What is International Pompe day? What does it mean? It’s pretty simple. The International Pompe Association (IPA), with the support of the global Pompe community, launched International Pompe Day in 2014. Like many official days the goal is to raise awareness, in this case, of what is often a devastating disease.
This year, the global Pompe community is stressing the importance of early diagnosis. Pompe is a progressive disease. Not only is it progressive, but that damage has been shown to be substantially irreversible. Studies have shown that for the best clinical outcome it is important to start treatment before that irreversible damage has occurred.
Pompe disease is one of about 7,000 rare diseases. It affects 1 in 40,000 births. With rare disease, it’s common for it to take time to be diagnosed and Pompe is no exception. In my case, it took about four years. Many people live through an odyssey that takes much longer. Unfortunately, some patients are misdiagnosed and receive the wrong treatment, or no treatment at all. There are far too many rare diseases for doctors’ to recognize them all. As we move further into the world of genomics this will improve.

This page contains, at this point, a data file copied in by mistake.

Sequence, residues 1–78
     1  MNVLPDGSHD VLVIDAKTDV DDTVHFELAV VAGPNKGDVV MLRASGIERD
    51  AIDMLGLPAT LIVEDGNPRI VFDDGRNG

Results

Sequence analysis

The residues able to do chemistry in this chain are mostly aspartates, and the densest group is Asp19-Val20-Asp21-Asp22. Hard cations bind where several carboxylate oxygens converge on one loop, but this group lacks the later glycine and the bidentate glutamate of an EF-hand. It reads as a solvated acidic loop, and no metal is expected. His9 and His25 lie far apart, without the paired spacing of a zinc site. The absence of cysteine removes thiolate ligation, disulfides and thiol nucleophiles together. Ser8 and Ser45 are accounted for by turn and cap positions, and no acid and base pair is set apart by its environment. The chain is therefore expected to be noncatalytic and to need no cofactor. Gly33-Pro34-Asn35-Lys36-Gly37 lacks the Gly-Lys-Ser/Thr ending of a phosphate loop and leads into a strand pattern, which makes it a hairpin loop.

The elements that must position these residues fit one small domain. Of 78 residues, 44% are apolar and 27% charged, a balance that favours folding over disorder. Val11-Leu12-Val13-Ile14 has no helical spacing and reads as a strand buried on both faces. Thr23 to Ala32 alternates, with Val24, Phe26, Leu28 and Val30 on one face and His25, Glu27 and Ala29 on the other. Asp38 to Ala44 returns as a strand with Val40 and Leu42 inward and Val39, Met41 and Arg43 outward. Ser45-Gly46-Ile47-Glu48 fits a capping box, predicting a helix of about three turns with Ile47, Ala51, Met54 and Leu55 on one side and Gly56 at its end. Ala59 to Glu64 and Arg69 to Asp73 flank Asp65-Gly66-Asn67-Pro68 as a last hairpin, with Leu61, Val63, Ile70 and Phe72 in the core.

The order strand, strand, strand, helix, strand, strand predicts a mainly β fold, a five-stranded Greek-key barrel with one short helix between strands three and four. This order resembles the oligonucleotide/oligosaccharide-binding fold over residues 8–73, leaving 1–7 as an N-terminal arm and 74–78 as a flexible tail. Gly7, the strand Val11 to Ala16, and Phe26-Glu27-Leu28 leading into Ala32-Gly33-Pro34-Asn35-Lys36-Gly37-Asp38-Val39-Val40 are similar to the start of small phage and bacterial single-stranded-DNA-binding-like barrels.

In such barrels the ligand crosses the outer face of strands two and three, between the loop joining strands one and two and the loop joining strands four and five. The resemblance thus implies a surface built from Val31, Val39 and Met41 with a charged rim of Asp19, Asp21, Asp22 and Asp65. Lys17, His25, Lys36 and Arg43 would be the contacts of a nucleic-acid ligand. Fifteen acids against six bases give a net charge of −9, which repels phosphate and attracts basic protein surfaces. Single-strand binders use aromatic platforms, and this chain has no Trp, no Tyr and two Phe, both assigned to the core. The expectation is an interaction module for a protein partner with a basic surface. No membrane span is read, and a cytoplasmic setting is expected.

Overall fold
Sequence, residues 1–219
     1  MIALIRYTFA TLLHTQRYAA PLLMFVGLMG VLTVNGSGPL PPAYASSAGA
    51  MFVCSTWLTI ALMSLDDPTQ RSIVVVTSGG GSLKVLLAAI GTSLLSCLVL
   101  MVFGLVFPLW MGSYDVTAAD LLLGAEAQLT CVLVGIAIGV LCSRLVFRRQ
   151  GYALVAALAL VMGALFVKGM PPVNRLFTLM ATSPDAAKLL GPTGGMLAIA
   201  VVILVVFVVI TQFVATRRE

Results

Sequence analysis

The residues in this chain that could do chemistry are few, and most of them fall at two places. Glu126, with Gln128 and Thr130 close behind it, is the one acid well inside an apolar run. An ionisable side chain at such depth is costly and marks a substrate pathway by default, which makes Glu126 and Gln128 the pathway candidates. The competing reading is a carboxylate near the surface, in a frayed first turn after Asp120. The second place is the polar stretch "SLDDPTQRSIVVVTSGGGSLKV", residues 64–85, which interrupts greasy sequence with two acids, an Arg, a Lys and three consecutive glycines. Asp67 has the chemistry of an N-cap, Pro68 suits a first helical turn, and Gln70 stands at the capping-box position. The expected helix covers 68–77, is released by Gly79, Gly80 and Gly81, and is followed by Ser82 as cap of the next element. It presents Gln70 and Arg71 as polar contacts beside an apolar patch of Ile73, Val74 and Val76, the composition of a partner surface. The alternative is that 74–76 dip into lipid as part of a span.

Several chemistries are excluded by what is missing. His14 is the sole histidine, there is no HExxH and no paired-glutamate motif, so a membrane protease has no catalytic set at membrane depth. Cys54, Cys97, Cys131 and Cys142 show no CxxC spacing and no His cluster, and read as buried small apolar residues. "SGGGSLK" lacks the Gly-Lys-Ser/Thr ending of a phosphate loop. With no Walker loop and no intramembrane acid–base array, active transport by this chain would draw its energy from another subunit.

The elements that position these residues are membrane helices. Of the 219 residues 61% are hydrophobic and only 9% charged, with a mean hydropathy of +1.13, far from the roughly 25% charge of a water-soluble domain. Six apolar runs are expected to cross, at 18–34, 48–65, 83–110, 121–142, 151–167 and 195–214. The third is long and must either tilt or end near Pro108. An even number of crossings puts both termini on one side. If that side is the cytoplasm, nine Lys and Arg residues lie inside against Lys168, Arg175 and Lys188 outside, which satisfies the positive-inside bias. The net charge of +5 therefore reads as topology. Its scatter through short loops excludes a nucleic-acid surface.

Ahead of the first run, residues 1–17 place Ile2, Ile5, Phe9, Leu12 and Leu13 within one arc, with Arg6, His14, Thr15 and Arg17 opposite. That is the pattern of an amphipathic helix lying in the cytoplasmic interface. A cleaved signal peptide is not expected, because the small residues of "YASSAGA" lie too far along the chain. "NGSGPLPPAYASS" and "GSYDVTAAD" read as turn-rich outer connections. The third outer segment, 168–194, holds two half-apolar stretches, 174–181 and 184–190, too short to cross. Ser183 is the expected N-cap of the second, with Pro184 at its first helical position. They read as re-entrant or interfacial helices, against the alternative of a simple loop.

The very best opportunity to test for Pompe disease is through newborn screening. Pompe was added to the Recommended Universal Screening Panel in the US in March, 2015. It has been screened for in Taiwan for over ten years. CAP members voted to support newborn screening for Pompe in 2014 and in September of 2015 CAP submitted a nomination for Pompe disease to be considered for addition in Ontario’s newborn screening panel. That application is currently being reviewed.
It’s hard to emphasize how much it means to rare disease patients and families to connect with others. Being able to connect with others that ‘just get it’ is invaluable. I received this from a patient’s brother the other day and would like to take this opportunity to share it here.